This work would not have been possible without the generous support of the Reva and David Logan Foundation. Likewise, we are deeply grateful to the Heirs of W. Eugene Smith.

We are also thankful for crucial funding from the National Endowment for the Humanities, the National Historical Publications and Records Commission, the National Academy of Recording Arts and Sciences (The Grammy Foundation), the Duke University Office of the Provost, the Gladys Krieble Delmas Foundation, Ken and Amelia Jacob, and Kimpton Hotels.

Many people have contributed to this listening and cataloging work. In thinking of people to thank, the list begins to grow towards the size of the list of names of people who passed through the loft at 821 Sixth Avenue. And there is a good deal of overlap in these two lists. We are very fortunate and most thankful to have met and heard the stories of many who lived in, worked in, and visited this loft building.  And we are fortunate to collaborate with a wonderful community of partners, archivists, audio  engineers, colleagues, advisors, work study students, interns, friends, and fellow Rome builders. Thank you!

At this juncture, we are working with our partner institutions on the next steps in the prospect of archiving this enormous collection so  that it may be made available to the public in the future.

-Dan Partridge

Photo by Harlan Campbell.

Photo by Harlan Campbell.

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Freedom Riders

The Parchman Hour, photo by Chris Fowler

The Parchman Hour, photo by Chris Fowler

W. Eugene Smith’s tapes contain a lot of civil rights coverage that includes radio and television news, documentaries, and conversation. Recently we found a Channel 13 documentary segment about the Freedom Riders. This show contains several first hand accounts of the original Freedom Rides of 1961 as well as interviews with civil rights activists, commentary, and related music. Jerome Smith provides powerful testimony about the violence and challenges faced by the riders. He also provides some memories of working for civil rights here in North Carolina in general and in Greensboro, with an emphasis on grass roots change.  There’s some history of the New Orleans civil rights struggle from Congress of Racial Equality (CORE)  member Oretha Castle and she illuminates the positives effect that the Freedom Rides had on New Orleans and the state of civil rights in 1963.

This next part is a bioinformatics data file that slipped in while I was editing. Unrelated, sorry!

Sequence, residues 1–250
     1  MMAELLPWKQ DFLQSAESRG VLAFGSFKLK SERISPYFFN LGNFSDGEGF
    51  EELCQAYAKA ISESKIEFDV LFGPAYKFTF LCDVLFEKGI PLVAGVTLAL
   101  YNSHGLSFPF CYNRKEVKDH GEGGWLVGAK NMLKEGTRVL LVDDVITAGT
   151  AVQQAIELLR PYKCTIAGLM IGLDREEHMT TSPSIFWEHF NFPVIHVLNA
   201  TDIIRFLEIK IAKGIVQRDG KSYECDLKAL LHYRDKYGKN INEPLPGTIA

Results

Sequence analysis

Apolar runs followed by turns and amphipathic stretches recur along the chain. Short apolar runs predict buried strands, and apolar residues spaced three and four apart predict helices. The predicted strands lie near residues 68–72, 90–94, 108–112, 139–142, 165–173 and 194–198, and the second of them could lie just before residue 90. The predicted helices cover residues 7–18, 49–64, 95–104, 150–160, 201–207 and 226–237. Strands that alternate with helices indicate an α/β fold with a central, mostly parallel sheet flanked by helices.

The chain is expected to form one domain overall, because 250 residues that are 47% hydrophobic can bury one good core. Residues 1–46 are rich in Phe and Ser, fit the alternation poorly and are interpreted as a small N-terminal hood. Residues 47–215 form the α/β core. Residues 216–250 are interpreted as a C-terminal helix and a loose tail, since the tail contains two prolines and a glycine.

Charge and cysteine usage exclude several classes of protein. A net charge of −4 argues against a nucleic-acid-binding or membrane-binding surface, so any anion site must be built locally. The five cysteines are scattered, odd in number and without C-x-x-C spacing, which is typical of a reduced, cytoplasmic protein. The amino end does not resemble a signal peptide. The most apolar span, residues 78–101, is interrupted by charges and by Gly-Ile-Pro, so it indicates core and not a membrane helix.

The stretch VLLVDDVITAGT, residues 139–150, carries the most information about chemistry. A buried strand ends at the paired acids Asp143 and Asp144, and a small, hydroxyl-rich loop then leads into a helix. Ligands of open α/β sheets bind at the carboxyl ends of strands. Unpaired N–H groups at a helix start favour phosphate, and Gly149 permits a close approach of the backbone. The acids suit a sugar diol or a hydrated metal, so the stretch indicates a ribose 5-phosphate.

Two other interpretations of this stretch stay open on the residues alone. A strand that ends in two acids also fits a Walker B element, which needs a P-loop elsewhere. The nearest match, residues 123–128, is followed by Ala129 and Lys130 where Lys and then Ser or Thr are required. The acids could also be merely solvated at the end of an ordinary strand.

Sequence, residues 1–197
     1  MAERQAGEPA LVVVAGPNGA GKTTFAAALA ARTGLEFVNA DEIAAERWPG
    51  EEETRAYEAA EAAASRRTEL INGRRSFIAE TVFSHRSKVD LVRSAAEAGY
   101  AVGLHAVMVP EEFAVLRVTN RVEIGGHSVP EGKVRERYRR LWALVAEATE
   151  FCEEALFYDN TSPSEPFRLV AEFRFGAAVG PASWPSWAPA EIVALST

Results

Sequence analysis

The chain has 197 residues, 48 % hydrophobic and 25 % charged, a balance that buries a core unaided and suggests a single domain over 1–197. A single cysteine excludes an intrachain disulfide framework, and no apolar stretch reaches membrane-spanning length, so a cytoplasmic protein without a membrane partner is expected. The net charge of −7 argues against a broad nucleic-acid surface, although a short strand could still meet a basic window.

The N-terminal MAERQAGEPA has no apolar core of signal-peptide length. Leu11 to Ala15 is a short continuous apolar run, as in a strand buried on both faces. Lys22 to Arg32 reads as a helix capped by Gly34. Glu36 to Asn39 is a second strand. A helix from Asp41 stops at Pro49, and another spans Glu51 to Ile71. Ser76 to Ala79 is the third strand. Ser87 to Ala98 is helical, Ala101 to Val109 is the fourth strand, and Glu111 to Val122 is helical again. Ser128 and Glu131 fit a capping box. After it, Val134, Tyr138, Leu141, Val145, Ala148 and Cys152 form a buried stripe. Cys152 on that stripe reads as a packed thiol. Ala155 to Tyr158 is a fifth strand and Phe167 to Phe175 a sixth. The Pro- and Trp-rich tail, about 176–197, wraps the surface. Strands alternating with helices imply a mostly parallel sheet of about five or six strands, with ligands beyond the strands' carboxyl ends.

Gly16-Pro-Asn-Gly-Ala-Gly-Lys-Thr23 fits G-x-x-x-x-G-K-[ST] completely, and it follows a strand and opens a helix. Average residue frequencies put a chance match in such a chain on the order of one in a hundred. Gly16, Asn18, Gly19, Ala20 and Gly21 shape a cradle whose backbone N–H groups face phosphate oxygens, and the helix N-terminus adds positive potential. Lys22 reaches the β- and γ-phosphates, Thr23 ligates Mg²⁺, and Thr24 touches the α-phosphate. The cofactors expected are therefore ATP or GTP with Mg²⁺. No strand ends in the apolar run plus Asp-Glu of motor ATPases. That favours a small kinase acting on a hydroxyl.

Student Nonviolent Coordinating Committee (SNCC) field secretary Bob Moses was interviewed the day after the murder of Medgar Evers in June of 1963. He speaks thoughtfully and profoundly about the sacrifices of civil rights activists in Mississippi before describing the ongoing issues of fighting for civil rights at that time.

This week, fifty years after the first Freedom Rides in 1961,Center for Documentary Studies students and faculty are traveling through Mississippi  in partnership with Mike Wiley Productions and the Mississippi Conference of the United Methodist Church to commemorate the fiftieth anniversary of the Freedom Rides. Their play is called  The Parchman Hour. . And here’s a Durham Herald Sun  article by Gregory Childress about this traveling production of the Parchman Hour. Follow the links to read more about it and to find out how to attend the events if you’re nearby. They’ll be on the road through the end of this week.

Great work here from our colleagues at the home of the Jazz Loft Project, the Center for Documentary Studies at Duke University.

-Dan Partridge

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Recently Found

Lou Tannen's Magic Store Catalog No. 12

Lou Tannen's Magic Store Catalog No. 12

The Jazz Loft Project continues to catalog audio. Recently, I heard the following items on W. Eugene Smith’s reel to reel recordings.   ~Dan Partridge

  • Smith asking Carole Thomas to pick up a can of ammonia capsules from the drugstore: “…like they use on airplanes. They also snap me awake if I get very sleepy. And also, if we get airsick….” Presumably, Smith wanted these as pick-me-ups for his long sessions in the darkroom.
  • A radio discussion with seven psychiatrists, shortly after they attended the Congress on Mental Health Conference in Montreal. One of the experts was Smith’s doctor Nathan Kline.
  • Smith talking to “Tommy Johns” (Janda) about loft denizens, including Ronnie Free. He tells Johns that Free has moved to North Carolina, when actually Free was in Charleston, South Carolina at that  time. Free’s current trio played as part of the JLP presentation in Winston-Salem yesterday (Thursday) so Smith was actually accurate at the time I was hearing this recording.
  • Comments on the radio from Elia Kazan from a show hosted by the National Theater Academy.
  • Peter Lawford reading from Jack Kerouac’s The Dharma Bums on WNYC’s “Spoken Words.”